The decision to go with Taiwanese design, mainland Chinese manufacturing, and global marketing has been a key to Franz's success. And Chen's many years of OEM experience have helped him make correct assessments about the international market. Moreover, the company's major investment in CAD/CAM and other software has allowed designers to design models directly on the computer. Then they precisely cut out intricate multilayered precision wax molds in the laboratory. These are then sent to the factory in Jingdezhen to be used in the manufacturing process. Various machines in the laboratory that are needed for this process cost more than US$1 million each. That level of expenditure is completely unheard of in Taiwan's gift industry and even quite rare in the USA or Europe.
The sleek handmade designs and the exquisitely intricate three-dimensional styling were key elements in Franz's campaign to conquer the European and American markets. As for marketing, Franz capitalized on a global fashion for things Oriental, by successfully "packaging" Chinese culture to satisfy European and Western yearnings for the glories of ancient China. And by relying on its own unique cost controls, it was able to price goods below their true value. Consequently, in just three years Franz was able to join the UK's Wedgwood and Japan's Noritake in the top ranks of leading international porcelain manufacturers.
In Chen's analysis, the European and American gift markets draw products from everywhere, and there is fierce competition. No firm can hold a position of dominance: "Although Franz doesn't have a glorious hundred-year history, it has boldly innovated, lacks baggage, and come out with more than 1000 new pieces every year!"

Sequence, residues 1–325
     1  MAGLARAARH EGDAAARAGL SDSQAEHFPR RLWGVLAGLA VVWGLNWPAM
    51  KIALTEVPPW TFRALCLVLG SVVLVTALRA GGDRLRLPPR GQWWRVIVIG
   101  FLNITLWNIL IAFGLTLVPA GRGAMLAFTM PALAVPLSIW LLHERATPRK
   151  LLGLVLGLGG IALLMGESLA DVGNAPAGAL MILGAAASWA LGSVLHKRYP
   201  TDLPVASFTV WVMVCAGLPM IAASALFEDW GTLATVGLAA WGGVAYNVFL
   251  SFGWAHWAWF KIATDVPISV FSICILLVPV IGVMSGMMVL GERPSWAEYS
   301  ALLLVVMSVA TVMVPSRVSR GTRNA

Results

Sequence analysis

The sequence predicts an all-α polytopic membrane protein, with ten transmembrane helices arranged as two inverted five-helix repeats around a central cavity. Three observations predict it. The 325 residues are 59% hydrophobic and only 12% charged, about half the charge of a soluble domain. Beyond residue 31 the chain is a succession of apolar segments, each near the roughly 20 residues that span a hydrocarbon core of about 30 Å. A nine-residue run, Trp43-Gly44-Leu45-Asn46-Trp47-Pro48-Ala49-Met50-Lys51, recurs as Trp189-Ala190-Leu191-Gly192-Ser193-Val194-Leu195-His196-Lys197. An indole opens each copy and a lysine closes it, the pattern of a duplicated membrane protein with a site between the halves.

When then-ROC president Chen Shui-bian visited Panama, when Academia Sinica president Lee Yuan-Tseh attended an APEC meeting, and when current ROC president Ma Ying-jeou made a tour of ROC allies in Central and South America, they all came bearing Franz items as gifts. For an audience that Chen obtained with Pope Benedict XVI in December of 2007, Franz worked with the National Palace Museum in Taipei to transfer an image of Cherry Tree and Grosbeaks, a Qing court painting in the museum's collection by Giuseppe Castiglione (1688-1766), onto a vase, which was given to the pope. It was a successful instance of aesthetic diplomacy.Creative industries
Under the recently enacted Law for the Development of Cultural and Creative Industry, NT$21.2 billion is to be invested to help develop six "flagship industries," including television, film and digital content. The idea is to help Taiwan become a cultural and creative industry hub in the Asia-Pacific region. Chen says that in developing creative and industries, Taiwan ought to start by strengthening its cultural foundations. He suggests that the government transform its conceptual models. Only by taking a page from business and "respecting its customers and listening to what people have to say" will it be able to create effective policies.